Legend of Mana has been brought back to modern platforms by Square Enix thanks to the recent remaster.
This is just the latest of many initiatives to give a new lease on life to several classic games in the publisher’s beloved lineup.
To learn more about the choices behind its development and catch a glimpse of what the future holds for the series, we interviewed producer Masaru Oyamada.
Giuseppe: Remastering or remaking games that have been a relevant part of many fans’ youth is certainly a huge responsibility. How do you approach this task, and is it more pressure than making a completely new game?
Masaru Oyamada: After Koichi Ishii, the creator of the Mana series, left SQUARE ENIX, the Mana series took a break for a while. I took over the role of series producer from 2014 and onwards. I had always been a fan who loved the Mana series, so I’ve been working on remaking/remastering with hopes of making titles that I’ve loved since long ago, become playable on current consoles all around the world.
Giuseppe: What was the most challenging aspect of upgrading Legend of Mana for modern platforms?
Masaru Oyamada: There was just a real lack of documentation from the development of the original game. Even without documentation, we do the best we can and get started on making the game. Once it gets to the debugging stage, though, we always get questions like, “Is this how it’s supposed to be?” And, sometimes we end up with a situation where don’t know whether it’s supposed to work like that either. Every time, I’d get in touch with Mr. Ishii or some of the old developers and ask them, “We’ve got this issue, but do you know what it might be?” And they’d say something like, “I’m sorry, it’s been decades, I really don’t remember.” But then three days later, I’d ring them again and pester them like, “Have you remembered!?” I can only apologize for pestering him so much.
Giuseppe: 2D games have seen a renaissance in the JRPG genre, with a lot of successful games sticking with it. Do you think this trend will continue?
Masaru Oyamada: I believe 2D games have their own merits, as do the 3D games, so I believe that they will continue to coexist.
Giuseppe: Was remaining faithful to the original 2D sprites always the plan or there were other options on the table?
Masaru Oyamada: Beautifying the sprites was on the table as one of our ideas and we did try to explore this design direction. However, since this was a point in which the team was divided in their opinion, we had trouble making up our minds until the very end.
Giuseppe: Now that you’ve done 3D with Trials of Mana and 2D with Legend of Mana, have you started to think what’s the best road ahead for the future of the series?
Masaru Oyamada: We are constantly thinking ahead, but it also comes down to the ideas, so we hope to live up to the sort of gameplay the players are enjoying and what they are looking for at that particular time.
Giuseppe: Is online co-op something you’re willing to look at for the future of the series?
Masaru Oyamada: From a technical standpoint, this is possible in this current era, but to do so, we would first need to create gameplay elements for the multiplayer mode. Up until Secret of Mana and Legend of Mana, the multiplayer mode was based on sharing one screen between the players locally, but with the camera angle of titles like Dawn of Mana and Trials of Mana, we would need an online-game structure.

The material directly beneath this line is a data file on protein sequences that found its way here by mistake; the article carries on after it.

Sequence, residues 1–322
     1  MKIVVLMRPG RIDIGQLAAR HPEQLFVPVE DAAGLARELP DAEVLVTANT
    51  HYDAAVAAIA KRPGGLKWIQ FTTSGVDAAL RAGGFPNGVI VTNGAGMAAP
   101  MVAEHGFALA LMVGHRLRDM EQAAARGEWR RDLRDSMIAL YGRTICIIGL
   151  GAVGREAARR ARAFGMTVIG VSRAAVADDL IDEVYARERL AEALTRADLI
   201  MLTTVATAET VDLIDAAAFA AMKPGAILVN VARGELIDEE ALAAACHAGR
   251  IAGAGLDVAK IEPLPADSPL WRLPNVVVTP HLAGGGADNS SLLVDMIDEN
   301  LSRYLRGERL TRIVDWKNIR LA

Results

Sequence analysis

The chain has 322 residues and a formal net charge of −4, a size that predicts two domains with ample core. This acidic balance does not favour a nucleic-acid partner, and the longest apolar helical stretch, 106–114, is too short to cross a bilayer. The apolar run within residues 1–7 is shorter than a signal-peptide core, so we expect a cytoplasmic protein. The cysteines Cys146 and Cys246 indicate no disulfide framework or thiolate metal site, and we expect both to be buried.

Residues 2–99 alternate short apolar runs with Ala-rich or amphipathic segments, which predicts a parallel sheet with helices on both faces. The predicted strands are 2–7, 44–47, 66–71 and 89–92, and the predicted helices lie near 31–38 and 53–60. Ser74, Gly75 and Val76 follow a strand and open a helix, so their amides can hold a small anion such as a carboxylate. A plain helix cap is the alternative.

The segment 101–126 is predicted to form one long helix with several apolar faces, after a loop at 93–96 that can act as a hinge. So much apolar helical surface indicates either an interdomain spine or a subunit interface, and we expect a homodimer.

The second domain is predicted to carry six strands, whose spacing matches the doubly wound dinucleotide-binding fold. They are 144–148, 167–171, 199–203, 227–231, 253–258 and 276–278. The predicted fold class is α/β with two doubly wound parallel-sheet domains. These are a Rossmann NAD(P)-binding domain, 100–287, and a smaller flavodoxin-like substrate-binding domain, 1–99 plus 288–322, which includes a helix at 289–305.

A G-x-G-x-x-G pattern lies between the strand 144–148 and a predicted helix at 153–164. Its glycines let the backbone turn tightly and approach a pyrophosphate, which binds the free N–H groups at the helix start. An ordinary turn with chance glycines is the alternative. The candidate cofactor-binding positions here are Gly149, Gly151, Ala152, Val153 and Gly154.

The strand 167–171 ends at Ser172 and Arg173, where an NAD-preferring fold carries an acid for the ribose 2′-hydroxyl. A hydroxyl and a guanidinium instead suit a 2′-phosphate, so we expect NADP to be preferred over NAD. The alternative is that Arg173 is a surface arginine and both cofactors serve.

So somewhere down the line, we would like to create a multiplayer system in which players can share the same experience. Before that, however, we would like to set a firm goal of first creating interesting gameplay elements with Mana as the basis. Then with that proper foundation, the game should be enjoyable in multiplayer mode as well.
Giuseppe: Square Enix has been supporting Xbox and Game Pass quite actively with popular franchises. Is that something you may be considering for Legend of Mana now that it’s out on other platforms?
Masaru Oyamada: We aren’t considering it at the moment, but if there is demand in the future, we’d like to consider this option.
Giuseppe: Now that we know that a brand new Mana game for consoles is in the works, is there anything at all you could share about it?
Masaru Oyamada: Unfortunately there isn’t anything I can share right now. It’d be great if you could wait until we are ready to share more information.
Giuseppe: The announcements made a few days ago definitely look like Square Enix has big plans for the Mana series. Did the results achieved by Trials of Mana give the company confidence about the future of the franchise?
Masaru Oyamada: Trials of Mana was originally one of the stepping stones for the franchise, but the game exceeded its performance expectations, so I believe it garnered great results for both players and the development team. In that sense, I believe we now have more comrades who cheer us on, along with the capacity to make various ideas come to fruition.
Giuseppe: Do you have anything else that you’d like to share with our readers?
Masaru Oyamada: This remaster is balanced exactly as the original game was, using the North American release as a base with a few systems added in to make it easier to play as a modern game.
The original background art was beautifully drawn, and as I mentioned earlier, these have been converted to high-resolution without compromising the original image.
The remaster also includes the mini-game, Ring Ring Land, which wasn’t included in the original release in North America.
So I hope those who haven’t played Legend of Mana before, as well as those who played the original, will be able to dive in and immerse themselves in the wondrous world of Fa’Diel. “Well then!”
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